The “flight to safety” and the credit crunch: a new history of the banking crisis in France during the Great Depression
Short link to the article : https://bit.ly/2Vov7HC
Patrice Baubeau, Eric Monnet, Angelo Riva and Stefano Ungaro
How does a banking crisis lead to a credit crunch and an economic crisis? Traditional interpretations – founded on analysis of the run on the banks in the 1930s in the United States – described the roles of monetary (1) and non-monetary (2) factors. The recent financial crisis has highlighted a different strategy, focused on the flight to safety (3) by banks and investors because of their growing perception of systemic risk (4). We now know that this process is not new and was also at work during the Great Depression.
In this article, Baubeau, Monnet, Riva and Ungaro offer a new interpretation of the 1930s banking crisis, based on the flight to safety . At first less severe than in other countries like the United States and Germany, the economic recession became very persistent in France. Previous research has minimised the role of the banking crises, stressing instead France’s stubborn adherence to the gold standard in 1936. In the absence of French banking statistics before the 1941 regulation, the usual method of calculating the series of loans and bank deposits was based on the balance sheets of the four biggest trading banks – easily accessible – and assumed that those banks represented half of the banking sector. Since these big banks did not experience difficulties in in 1930 and 1931, there was no quantitative proof of a major banking crisis, even if some historians showed that there were a number of banking failures. On the basis of rigorous work identifying and analysing the archives, the authors have brought together and harmonised the balance sheets of more than 400 French trading banks in the inter-war years and enriched the data base with statistics covering the savings banks and the Banque de France. They show that the flight to safety was the main vehicle for transmitting the trading banking crisis to the real economy. Highly asymmetrical, the crisis in fact spared the big banks, but affected the rest of the banking system and set off the flight to safety via the transfer of trading bank deposits to savings bank and the central bank. At that time, commercial/trading banks were not subject to regulations, whereas savings banks were implicitly guaranteed by the state, their assets being exclusively invested in state securities. As the run on the banks led mainly to the transfer of deposits, the total money supply was not diminished. However, the central bank and the savings banks invested their increased resources in government bonds and gold reserves. As a consequence, no other financial institution took up the role of the trading bank system in financing business. Thus, total loans to firms decreased significantly: the ratio between credit and money supply went from 40% before the crisis to 20% in 1931 and remained at that level throughout the 1930s. The authors also show that the French economy was not spared a major banking crisis during the Great Depression of the 1930s.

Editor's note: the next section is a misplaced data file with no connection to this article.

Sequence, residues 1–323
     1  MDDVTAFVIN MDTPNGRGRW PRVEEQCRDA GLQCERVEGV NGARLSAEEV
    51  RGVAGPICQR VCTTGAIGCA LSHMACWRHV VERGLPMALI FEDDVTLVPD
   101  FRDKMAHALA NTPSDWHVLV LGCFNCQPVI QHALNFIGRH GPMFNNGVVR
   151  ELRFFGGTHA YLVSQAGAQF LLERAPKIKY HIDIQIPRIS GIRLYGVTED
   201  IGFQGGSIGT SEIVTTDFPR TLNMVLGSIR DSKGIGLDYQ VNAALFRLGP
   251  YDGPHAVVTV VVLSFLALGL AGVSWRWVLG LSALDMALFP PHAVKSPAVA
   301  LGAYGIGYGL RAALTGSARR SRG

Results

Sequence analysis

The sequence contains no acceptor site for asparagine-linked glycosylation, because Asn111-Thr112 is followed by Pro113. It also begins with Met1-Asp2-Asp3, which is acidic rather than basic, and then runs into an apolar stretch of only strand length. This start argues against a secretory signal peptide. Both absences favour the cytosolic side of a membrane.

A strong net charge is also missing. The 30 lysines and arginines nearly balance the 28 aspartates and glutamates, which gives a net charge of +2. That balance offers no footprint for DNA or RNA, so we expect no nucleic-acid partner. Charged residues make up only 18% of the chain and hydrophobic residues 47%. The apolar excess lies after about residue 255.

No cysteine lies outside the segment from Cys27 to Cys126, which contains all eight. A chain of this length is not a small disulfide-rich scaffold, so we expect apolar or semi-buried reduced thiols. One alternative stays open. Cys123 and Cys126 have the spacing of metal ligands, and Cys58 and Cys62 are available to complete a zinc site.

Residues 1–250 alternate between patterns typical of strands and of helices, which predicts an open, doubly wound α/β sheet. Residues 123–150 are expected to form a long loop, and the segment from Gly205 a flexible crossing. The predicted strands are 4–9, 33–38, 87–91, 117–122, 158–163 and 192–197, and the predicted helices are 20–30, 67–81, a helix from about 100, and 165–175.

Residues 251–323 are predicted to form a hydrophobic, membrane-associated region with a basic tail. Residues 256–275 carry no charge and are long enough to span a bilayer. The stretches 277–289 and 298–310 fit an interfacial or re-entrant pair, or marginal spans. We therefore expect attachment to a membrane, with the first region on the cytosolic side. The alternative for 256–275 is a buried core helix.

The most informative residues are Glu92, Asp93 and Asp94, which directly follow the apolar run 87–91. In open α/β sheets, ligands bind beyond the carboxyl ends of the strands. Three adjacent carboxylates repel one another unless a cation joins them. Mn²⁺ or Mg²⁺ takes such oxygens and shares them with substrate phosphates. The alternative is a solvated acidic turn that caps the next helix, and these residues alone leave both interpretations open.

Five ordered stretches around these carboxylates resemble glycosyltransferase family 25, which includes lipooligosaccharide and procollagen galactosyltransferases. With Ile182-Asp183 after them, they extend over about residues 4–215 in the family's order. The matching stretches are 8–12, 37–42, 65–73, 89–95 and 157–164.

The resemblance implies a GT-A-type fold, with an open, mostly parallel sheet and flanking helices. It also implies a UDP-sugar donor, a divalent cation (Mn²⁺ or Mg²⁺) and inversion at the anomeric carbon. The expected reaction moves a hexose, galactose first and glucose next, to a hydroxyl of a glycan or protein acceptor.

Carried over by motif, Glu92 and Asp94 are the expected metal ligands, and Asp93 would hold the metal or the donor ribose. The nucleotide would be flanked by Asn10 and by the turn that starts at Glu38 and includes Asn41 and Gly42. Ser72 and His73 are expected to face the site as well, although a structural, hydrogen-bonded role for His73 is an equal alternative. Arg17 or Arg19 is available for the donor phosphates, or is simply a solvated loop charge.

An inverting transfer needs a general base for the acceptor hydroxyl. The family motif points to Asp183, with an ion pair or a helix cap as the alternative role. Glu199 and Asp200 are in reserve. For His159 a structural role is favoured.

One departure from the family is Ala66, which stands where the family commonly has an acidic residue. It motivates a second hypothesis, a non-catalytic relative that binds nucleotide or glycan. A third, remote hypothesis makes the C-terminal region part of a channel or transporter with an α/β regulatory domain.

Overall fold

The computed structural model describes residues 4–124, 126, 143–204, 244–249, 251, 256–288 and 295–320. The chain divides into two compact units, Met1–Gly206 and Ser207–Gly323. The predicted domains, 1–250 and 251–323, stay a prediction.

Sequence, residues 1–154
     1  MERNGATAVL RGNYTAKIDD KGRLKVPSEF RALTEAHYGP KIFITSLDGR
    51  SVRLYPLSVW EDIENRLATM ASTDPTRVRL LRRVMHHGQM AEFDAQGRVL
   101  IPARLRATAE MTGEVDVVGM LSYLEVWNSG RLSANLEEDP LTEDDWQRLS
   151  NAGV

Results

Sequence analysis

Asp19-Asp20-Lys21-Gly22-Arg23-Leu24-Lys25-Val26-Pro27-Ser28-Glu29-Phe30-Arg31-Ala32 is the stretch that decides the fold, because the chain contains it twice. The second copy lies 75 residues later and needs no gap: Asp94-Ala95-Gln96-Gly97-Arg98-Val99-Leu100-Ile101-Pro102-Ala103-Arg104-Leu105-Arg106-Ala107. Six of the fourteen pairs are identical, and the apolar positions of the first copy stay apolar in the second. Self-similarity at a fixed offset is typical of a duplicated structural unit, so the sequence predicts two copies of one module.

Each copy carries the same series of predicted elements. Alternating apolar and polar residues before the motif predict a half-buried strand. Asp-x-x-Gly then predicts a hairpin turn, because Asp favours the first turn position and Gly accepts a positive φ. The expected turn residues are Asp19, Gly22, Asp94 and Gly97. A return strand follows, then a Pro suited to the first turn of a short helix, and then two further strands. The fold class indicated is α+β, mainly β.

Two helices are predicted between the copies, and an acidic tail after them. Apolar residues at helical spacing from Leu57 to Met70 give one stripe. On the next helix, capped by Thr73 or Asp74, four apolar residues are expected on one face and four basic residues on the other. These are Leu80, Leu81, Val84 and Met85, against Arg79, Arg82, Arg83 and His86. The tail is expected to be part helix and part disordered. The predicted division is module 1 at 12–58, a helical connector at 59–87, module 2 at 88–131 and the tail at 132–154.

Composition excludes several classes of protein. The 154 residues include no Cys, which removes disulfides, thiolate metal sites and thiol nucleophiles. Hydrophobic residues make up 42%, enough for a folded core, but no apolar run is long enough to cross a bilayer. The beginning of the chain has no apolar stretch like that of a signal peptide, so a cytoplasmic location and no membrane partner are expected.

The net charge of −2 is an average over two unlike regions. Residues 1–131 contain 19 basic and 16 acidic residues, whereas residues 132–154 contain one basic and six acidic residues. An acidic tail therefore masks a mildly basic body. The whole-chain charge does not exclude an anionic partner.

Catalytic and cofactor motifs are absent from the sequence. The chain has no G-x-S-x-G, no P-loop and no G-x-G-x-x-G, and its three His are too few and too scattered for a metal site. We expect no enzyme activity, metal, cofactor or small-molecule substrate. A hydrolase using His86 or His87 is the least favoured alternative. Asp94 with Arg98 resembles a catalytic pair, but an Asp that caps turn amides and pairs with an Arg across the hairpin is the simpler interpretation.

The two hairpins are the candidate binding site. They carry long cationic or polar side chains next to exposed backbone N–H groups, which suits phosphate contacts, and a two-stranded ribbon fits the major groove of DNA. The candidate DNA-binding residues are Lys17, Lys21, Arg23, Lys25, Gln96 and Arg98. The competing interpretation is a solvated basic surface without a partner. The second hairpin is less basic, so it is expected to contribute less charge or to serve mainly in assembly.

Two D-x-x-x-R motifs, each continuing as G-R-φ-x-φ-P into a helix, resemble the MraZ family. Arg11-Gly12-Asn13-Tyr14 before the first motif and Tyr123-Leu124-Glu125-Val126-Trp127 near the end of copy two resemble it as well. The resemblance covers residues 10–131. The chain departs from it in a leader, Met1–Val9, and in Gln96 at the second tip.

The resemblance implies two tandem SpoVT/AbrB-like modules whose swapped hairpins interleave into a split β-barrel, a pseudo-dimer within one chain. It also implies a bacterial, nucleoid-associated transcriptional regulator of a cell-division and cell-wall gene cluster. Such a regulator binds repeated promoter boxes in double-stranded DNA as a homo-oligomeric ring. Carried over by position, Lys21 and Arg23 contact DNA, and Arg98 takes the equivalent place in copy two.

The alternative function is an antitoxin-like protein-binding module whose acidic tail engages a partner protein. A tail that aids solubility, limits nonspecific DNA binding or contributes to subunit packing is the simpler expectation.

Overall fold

Original title of the article : “Flight-to-safety and the Credit Crunch: A new history of the banking crisis in France during the Great Depression”
Published in : Centre for Economic Policy Research